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There is No Truth
Truth and perception are interchangeable, depending on your personal experiences. When times are good, we take things for granted and assume they will always be there. But when they are taken away, we realize how fragile and precious the people we love are. It makes us aware and teaches us what’s important.
Molly MacKenna’s life is falling apart, and she often feels like grabbing each of the stubborn, prideful, Irish males in her family and smashing their hot heads together. The only bright spot in her life is one of her father’s best friend’s sons, Killian Flanagan, who is drop-dead gorgeous and head-over-heels in love with Molly. The man is the whole sexy Irish/Latin package, which is why she won’t date him.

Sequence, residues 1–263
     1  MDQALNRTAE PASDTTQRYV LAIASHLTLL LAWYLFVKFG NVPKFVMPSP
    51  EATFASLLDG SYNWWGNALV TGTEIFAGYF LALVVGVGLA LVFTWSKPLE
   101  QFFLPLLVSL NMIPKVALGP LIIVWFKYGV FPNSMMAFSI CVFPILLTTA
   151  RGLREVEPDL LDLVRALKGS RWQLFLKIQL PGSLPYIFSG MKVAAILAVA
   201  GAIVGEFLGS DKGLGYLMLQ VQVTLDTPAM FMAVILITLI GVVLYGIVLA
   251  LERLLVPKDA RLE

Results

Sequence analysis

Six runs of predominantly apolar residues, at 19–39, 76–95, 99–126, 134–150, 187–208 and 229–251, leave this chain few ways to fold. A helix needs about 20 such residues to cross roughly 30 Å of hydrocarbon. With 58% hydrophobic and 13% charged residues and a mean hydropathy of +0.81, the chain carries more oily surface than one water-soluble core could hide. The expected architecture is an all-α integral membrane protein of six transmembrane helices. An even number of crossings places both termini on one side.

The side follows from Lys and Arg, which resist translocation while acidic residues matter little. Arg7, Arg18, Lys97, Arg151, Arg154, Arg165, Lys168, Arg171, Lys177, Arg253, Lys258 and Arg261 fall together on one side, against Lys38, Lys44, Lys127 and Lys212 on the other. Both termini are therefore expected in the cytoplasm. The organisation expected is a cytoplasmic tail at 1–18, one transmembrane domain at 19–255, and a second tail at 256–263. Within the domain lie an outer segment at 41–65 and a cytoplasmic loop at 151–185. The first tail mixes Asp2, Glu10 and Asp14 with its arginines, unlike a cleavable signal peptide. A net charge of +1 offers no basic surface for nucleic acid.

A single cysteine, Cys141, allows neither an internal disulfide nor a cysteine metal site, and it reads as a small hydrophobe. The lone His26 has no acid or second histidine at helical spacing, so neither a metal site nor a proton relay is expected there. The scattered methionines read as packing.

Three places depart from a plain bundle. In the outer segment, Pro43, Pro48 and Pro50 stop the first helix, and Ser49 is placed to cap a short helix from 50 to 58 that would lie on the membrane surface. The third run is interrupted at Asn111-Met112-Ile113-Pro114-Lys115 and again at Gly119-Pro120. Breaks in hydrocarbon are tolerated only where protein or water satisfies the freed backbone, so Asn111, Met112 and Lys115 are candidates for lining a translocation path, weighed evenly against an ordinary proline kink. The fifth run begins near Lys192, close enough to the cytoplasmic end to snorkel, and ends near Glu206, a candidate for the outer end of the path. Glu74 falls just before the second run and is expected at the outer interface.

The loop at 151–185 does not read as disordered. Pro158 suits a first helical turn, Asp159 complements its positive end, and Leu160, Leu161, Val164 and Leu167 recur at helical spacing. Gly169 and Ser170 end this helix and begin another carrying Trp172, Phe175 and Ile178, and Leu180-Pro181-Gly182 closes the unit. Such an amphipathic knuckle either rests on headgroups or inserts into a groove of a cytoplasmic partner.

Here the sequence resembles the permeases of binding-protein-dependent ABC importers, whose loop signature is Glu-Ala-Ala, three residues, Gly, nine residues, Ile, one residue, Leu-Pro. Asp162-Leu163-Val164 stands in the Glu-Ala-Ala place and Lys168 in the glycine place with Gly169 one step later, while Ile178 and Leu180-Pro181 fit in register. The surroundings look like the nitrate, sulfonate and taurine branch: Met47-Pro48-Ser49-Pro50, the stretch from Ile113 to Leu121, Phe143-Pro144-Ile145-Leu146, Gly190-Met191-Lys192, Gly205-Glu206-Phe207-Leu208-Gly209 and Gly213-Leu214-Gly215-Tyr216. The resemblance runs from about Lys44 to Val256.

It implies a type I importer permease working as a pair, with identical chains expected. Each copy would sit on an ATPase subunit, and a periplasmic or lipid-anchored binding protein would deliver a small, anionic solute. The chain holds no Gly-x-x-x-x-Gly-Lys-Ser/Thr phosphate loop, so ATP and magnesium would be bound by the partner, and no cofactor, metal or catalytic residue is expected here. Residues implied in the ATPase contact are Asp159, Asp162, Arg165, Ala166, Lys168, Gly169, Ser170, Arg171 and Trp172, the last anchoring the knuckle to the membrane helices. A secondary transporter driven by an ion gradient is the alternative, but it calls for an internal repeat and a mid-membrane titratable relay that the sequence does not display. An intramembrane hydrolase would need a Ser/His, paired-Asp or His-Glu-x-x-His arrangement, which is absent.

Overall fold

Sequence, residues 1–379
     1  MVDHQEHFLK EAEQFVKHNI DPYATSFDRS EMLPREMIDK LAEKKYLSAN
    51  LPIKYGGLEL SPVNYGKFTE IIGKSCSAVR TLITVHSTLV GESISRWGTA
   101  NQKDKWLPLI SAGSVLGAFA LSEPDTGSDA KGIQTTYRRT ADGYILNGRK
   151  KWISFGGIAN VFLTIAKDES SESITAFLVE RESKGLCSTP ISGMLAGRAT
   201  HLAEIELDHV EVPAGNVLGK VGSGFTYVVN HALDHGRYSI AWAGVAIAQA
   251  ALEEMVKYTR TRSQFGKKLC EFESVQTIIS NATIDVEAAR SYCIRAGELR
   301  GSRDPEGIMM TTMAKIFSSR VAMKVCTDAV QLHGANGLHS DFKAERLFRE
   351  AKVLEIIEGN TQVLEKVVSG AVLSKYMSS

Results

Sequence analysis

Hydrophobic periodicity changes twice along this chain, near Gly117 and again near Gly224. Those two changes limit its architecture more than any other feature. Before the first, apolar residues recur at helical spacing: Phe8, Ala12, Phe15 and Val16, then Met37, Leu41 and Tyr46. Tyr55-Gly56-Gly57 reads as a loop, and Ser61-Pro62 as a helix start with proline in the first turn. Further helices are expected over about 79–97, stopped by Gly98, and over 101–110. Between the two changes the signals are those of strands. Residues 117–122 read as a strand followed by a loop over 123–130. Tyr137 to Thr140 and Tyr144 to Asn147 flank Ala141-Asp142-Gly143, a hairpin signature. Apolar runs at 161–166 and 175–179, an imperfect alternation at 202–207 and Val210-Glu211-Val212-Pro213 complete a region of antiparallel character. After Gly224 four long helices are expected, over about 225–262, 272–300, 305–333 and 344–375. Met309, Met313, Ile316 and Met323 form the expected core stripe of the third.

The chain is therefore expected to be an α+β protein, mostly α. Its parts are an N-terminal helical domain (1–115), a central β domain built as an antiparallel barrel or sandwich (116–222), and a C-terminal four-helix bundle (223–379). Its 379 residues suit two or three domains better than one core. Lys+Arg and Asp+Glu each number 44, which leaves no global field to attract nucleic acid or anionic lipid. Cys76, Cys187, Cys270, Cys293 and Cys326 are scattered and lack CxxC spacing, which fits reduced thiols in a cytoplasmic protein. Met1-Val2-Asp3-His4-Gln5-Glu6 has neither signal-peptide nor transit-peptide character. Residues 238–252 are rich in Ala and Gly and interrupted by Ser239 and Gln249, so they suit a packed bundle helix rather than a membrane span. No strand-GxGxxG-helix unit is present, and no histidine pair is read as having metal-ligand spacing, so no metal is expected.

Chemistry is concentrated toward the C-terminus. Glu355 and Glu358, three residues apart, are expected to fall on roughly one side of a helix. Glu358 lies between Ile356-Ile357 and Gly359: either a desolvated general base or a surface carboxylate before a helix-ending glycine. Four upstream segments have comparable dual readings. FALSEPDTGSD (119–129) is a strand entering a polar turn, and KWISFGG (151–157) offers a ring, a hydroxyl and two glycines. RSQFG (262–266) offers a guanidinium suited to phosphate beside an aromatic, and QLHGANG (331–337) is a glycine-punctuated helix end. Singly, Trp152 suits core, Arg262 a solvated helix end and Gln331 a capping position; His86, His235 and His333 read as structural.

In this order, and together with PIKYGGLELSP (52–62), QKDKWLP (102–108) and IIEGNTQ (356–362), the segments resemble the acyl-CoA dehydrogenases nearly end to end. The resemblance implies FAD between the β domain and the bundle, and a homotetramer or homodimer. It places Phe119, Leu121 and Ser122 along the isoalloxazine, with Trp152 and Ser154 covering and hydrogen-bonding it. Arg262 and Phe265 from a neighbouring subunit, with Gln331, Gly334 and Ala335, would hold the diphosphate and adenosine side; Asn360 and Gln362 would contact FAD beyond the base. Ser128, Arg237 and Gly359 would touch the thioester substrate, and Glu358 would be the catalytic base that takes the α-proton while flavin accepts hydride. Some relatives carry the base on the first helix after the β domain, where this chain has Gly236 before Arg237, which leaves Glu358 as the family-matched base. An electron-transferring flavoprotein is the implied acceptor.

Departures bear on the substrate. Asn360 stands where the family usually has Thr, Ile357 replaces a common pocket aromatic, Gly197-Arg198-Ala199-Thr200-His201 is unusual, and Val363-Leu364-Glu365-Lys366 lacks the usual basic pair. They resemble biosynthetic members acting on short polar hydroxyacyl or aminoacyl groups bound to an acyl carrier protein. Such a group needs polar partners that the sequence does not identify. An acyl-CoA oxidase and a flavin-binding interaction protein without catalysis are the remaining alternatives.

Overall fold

Some psychologists suggest we each hold at least thirteen secrets at any given time. Is a secret ever not detrimental? Do we have a right to our secrets? If so, how does keeping them change us and those closest to us? We may have a right to them, but eventually, most secrets have a way of coming out and destroying those we love and our carefully constructed lives. When a secret from Molly’s father’s past threatens her family, Killian steps up to get to the bottom of it.
There is no truth only, perception, and everyone’s perception is different. Molly is forced to realize that some lessons can’t be taught. They have to be lived.
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